Nautonnier : 'You sail towards your destination"
Schull, Ireland to Exmouth, England
  • Nautonnier
    "You sail towards your destination"
  • Nautonnier: An old French word for Navigator

    Departed: 14 February 2012
    Returned: 20 February 2012

    Our route was from Schull, West Cork, Ireland to River Exe, Devon, UK and back by land and ferry.

    We sailed following compass bearings usi ng charts when near land and occasionally a hand-held GPS to provide the coast guard with our location or confirm to ourselves we were on course. 

    The selected photographs chart our entire journey. Trees feature on the return leg as a symbol of both land and boat. Until I stepped outside on the first morning on ashore to be greeted by frost and a 300 year old tree, I hadn't thought how the contrasts would be measured.

    We returned by a combination of car, coach and ferry, with a feeling of being in transit rather than on a journey. 

  • Mount Gabriel & Schull Harbour, Ireland.
  • Pembroke Ferry Port.
  •  Extras
  • Guitarist and Skipper Simon Crockett invited me along to photograph and crew his 32 foot wooden Hillyard Sloop. When I said yes I didn't realise we would be doing this in the middle of February. This was to be my maiden voyage across the Celtic Sea. It's very different to catching a ferry.

    Unforeseeable and complete rudder failure, meant our first departure day resulted in a recovery by Schull Community Inshore Rescue (SCIR) west of West Calf, and a humble return to the pier at dawn. Without them events could have been newsworthy as the islands of Roaring Water bay stretched out their crooked claws.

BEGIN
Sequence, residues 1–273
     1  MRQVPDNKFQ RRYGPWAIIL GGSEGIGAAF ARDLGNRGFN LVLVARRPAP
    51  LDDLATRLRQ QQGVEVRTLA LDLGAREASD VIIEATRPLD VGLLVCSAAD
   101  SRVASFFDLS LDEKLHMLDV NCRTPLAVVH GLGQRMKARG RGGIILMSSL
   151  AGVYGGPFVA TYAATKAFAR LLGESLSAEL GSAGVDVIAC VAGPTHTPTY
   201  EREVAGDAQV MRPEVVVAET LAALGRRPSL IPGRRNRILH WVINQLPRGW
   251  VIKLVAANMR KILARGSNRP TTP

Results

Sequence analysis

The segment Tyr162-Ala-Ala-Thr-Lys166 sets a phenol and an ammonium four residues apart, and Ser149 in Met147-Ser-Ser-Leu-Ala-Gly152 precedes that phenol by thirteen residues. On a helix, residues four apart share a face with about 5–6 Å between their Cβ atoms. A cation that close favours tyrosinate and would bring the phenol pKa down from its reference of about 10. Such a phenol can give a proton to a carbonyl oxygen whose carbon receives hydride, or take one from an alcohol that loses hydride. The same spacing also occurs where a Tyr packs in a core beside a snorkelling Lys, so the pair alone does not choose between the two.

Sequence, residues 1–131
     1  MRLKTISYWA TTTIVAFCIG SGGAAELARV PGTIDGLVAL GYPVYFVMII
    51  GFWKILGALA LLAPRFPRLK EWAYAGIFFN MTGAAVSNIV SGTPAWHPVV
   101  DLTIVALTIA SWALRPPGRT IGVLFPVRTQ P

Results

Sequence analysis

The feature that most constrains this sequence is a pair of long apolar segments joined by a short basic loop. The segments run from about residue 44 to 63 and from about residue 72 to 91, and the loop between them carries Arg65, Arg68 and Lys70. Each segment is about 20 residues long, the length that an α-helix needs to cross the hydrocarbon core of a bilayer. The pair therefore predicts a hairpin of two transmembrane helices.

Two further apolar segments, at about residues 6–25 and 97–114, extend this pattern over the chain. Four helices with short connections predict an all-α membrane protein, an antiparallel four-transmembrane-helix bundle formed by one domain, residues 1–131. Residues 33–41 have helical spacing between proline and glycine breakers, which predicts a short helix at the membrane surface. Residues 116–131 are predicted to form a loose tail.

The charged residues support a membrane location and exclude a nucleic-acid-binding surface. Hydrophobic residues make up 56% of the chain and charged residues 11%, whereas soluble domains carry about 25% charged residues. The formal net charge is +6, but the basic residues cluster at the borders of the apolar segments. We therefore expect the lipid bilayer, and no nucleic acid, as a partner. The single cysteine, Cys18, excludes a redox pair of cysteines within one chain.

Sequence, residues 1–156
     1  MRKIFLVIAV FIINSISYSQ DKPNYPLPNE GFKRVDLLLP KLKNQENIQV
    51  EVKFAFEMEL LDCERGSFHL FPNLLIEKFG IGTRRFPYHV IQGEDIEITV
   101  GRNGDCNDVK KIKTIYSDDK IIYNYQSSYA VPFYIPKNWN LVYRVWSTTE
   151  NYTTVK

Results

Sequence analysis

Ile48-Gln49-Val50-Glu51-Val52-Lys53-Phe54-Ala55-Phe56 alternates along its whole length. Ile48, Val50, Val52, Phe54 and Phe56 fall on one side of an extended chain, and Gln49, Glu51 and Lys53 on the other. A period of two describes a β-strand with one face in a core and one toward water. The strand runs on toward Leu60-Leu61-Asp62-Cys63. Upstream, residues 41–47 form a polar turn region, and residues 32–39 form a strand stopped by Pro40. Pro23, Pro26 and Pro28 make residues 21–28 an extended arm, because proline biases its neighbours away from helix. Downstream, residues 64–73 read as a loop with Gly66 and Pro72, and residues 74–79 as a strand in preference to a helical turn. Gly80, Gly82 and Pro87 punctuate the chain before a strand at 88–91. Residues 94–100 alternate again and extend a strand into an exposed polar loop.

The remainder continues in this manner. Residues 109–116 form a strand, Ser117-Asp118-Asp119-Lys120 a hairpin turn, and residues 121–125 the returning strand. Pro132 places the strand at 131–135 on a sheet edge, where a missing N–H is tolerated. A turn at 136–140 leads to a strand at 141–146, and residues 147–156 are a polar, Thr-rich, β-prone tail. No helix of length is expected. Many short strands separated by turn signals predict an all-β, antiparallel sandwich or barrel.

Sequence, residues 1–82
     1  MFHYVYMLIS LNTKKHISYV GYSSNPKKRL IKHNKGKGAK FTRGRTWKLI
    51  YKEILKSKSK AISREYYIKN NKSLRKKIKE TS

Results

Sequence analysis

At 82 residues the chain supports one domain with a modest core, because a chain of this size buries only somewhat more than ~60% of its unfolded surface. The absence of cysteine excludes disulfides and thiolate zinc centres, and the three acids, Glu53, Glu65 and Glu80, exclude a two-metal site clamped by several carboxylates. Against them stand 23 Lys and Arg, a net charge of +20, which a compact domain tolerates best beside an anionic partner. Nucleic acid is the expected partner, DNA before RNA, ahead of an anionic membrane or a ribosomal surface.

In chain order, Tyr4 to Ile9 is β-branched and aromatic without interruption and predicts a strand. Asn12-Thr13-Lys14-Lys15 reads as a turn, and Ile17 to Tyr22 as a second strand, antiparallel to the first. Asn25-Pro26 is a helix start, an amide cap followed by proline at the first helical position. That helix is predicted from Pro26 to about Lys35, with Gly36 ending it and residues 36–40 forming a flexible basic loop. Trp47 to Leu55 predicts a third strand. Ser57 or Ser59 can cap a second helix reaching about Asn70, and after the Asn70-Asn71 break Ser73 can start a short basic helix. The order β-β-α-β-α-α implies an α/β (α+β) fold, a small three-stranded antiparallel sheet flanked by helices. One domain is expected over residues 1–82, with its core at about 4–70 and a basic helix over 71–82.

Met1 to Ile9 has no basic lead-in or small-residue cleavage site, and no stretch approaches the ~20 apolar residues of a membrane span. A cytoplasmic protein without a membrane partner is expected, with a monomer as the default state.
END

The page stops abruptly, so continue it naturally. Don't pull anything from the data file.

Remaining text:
If you've cycled through a city you'll understand a situation that could have been fatal but wasn't, you kind of put it behind you and move on. The rudder failure and two other situations could have meant a very different voyage, but for our calm preparation and the the SCIR being on call we continued. A couple of days later I wrote in my journal: 'At it's wildest, roughest, chew you up and spit you out toughest the sea nor the boat broke our internal calm'. (Reflecting on our first night when waves were alive on top of waves.)

    Our delay meant we left on Valentine's Day and we arrived back home on Shrove Tuesday.

    Yes we saw Dolphins. A Porpoise as we headed south of Cape Clear, and 36 hours later we were guided towards Land's End by dolphins and once more as we passed Plymouth, both times with phosphorescence highlighting our wake.  

  • Simon and the rigging.
  • Simon at the helm.
  • Schull Community Inshore Rescue.
  • Ireland's Teardrop - The Fastnet Lighthouse
  • Top Left: Cape Clear, Top Right: West Calf, Bottom: Copper Point, Long Island
  • Dolphins.
  • Last Word:

    I lived and worked at a studio for nine months in 2010, with frequent visits to Glandore, Union Hall and Prison Cove a mile or so away. It was an important time personally. I'd like to dedicate this series in memory of the crew of the trawler 'Tit Bonhome', and their families at Union Hall, Glandore Bay, West Cork. 

    The fishing trawler hit Adam's Island in rough seas at the mouth of the bay a month before we set sail and the last crew member was recovered on the 10th Feb, the day before we were first due to set sail. As the story of the tragedy unfolded and remained in the news, the strength and spirit of the community resonated. 

    Thanks to: Camilla Griehsel, Zoe Spencer, Peter & Veronica Crockett, Dave & Hazel McCabe, Dave Precious, and the crew of Schull Community Inshore Rescue for the send-offs and welcomes.